There is some latitude for what type of degree requirement is "in the specific specialty" (or its equivalent), but this will be subject to interpretation on a case-by-case basis. In a narrow, literal view of the requirement, a software engineering position would strictly require a degree in software engineering or computer science to qualify as a specialty occupation. In fact, many employers of software engineers accept a bachelor's degree in other engineering subjects in addition to computer science, perhaps with relevant work experience. The INS tends not to apply the literal view, allowing an employer's degree requirement to encompass academic subjects which are "directly related" to, but not strictly "in" the specific specialty occupation category. For example, it has tended to accept electrical or electronics engineering and mathematics as degrees sufficiently related to computer science to be acceptable for the software engineering occupation.

Beyond that, however, if the employer's range of acceptable degrees appears too broad, or does not specify a degree subject at all, the INS will question whether the job is a "specialty occupation." It might take the position that a degree in mechanical engineering, for example, is not "in the specific specialty" of computer programming, so that if the employer will accept such a degree to meet its requirement the job will not qualify as a "specialty occupation."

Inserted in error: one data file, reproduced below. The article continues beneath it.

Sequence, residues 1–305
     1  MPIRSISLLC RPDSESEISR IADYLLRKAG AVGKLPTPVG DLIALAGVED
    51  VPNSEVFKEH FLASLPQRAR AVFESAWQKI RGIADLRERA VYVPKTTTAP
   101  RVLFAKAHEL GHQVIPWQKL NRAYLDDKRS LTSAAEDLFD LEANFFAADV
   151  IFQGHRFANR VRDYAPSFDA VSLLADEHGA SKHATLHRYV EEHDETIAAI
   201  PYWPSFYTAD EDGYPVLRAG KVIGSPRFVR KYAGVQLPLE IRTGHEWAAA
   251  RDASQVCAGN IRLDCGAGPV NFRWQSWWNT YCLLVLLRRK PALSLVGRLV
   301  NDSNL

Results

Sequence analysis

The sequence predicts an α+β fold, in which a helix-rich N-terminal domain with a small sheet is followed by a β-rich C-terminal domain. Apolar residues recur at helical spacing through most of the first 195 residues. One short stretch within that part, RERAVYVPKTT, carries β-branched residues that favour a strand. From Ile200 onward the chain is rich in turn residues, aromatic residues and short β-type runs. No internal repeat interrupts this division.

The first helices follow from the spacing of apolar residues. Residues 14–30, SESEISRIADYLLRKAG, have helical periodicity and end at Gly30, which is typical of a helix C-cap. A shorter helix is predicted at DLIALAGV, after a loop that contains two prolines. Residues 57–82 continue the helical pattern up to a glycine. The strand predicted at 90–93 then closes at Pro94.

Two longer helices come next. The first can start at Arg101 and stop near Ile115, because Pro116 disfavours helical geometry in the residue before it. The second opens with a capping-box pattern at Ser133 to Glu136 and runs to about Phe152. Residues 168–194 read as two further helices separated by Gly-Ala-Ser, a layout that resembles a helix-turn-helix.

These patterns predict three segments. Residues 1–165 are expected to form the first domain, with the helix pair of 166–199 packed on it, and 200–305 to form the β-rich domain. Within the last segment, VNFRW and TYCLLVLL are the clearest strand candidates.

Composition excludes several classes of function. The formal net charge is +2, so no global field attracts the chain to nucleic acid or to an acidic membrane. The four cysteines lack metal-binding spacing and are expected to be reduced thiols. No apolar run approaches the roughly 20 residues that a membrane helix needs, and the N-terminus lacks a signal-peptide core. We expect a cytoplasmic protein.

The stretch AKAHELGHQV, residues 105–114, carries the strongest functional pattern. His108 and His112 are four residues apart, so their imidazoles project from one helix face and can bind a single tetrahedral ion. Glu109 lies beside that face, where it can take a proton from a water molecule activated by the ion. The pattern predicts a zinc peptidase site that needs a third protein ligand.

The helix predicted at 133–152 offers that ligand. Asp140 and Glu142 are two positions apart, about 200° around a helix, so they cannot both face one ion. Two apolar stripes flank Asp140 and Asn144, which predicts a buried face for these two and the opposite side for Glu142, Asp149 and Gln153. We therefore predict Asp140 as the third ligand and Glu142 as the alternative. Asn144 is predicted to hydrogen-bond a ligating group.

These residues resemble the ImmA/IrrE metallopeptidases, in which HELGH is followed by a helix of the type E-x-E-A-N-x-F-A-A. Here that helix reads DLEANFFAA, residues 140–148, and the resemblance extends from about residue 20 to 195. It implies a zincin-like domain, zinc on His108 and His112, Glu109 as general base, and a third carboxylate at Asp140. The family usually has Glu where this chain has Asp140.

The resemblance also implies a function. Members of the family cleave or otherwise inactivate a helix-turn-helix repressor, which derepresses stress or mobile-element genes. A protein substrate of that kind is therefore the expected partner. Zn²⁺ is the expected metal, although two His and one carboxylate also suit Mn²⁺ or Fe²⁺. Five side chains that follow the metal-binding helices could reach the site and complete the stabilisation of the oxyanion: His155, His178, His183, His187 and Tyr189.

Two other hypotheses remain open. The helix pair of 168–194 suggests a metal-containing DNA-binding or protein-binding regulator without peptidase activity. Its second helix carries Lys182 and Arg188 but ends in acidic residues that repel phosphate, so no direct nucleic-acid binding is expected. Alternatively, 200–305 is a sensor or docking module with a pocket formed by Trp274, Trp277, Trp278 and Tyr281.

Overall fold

In practice, the "unrelated degree" issue tends to arise only in specific cases where the foreign national's actual qualifications suggest the problem. The foreign national must meet the normal professional requirements for the job, and if his or her qualifications do not appear directly related to the job, the INS may raise two objections: (1) if the job is in fact a specialty occupation, then the foreign national is not qualified for it without the right academic background or, (2) conversely, if the foreign national is acceptable to the employer with seemingly unrelated credentials, then the job requirements are too broad for the job to be a specialty occupation.